Chapter 7 section 4 (land use and soil loss)Presentation Transcript
How Land Use Causes Soil Loss Chapter 7 Section 4
I. Agriculture and Soil Loss Soil is a very important resource for the agricultural business. Many resources are directly tied to the soil. Food, paper products, natural fibers. Vegetables, grains, cotton plants. Cattle, sheep, and pigs feed off the land. When farmers harvest crops the soil is directly exposed to the weather. Erosion occurs. Soil loses nutrients when topsoil is eroded.
II. Historic Tragedy: The Dust Bowl Great Plains: 1800’s People moved to the Great Plains. Plowed under the native drought resistant crops. Began to farm large areas. Corn and wheat were planted; Cattle and sheep grazed on land. As farming continued the natural drought resistant grasses with their extensive root system became increasingly scarce and erosion increased dramatically.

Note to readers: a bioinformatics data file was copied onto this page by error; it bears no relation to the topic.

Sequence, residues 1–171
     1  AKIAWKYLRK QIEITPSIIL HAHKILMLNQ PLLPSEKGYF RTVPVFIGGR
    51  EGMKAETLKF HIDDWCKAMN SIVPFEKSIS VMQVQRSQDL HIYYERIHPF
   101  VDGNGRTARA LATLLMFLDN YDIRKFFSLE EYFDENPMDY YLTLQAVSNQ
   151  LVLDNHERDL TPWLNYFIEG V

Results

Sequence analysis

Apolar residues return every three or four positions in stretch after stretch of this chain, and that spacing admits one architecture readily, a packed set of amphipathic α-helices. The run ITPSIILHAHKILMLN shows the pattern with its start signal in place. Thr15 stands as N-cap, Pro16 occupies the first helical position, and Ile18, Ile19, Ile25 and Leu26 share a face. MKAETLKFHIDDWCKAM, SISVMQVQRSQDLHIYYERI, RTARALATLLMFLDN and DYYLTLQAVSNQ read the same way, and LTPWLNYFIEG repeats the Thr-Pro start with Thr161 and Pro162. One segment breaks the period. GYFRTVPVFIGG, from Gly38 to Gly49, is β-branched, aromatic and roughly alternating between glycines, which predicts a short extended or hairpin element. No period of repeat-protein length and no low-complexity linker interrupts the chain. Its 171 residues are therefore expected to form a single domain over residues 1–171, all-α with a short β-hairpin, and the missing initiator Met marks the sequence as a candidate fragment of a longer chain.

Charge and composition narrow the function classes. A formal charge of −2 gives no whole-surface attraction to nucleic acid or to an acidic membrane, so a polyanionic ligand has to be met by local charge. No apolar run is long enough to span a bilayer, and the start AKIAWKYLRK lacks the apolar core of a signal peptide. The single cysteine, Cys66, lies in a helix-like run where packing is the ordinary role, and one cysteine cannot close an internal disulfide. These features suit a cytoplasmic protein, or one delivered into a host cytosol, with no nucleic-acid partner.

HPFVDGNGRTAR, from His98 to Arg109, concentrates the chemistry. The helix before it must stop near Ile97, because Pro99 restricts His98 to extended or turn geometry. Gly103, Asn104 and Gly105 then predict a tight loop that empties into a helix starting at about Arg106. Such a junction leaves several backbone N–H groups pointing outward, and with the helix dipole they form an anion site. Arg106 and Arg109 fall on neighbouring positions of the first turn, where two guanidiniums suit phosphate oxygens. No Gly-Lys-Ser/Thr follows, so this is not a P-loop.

The Great Plains Drought of 1931 Drought started in 1931 and lasted several years. Soil became totally unprotected, wind began blowing the soil away. (erosion) Dust storms raged. More than 8cm of topsoil was lost!
The Great Plains Drought of 1931 Soil was blown to the ocean or piled up against houses. Many farmers went bankrupt and moved elsewhere. 1935: Federal Government began regulating agriculture. Crop rotation, terracing, and contour plowing was required. (Section 3 notes)
The Great Plains Drought of 1931 In areas able to support trees, wind breaks were planted. Over time, the fertility of the Great Plains was restored.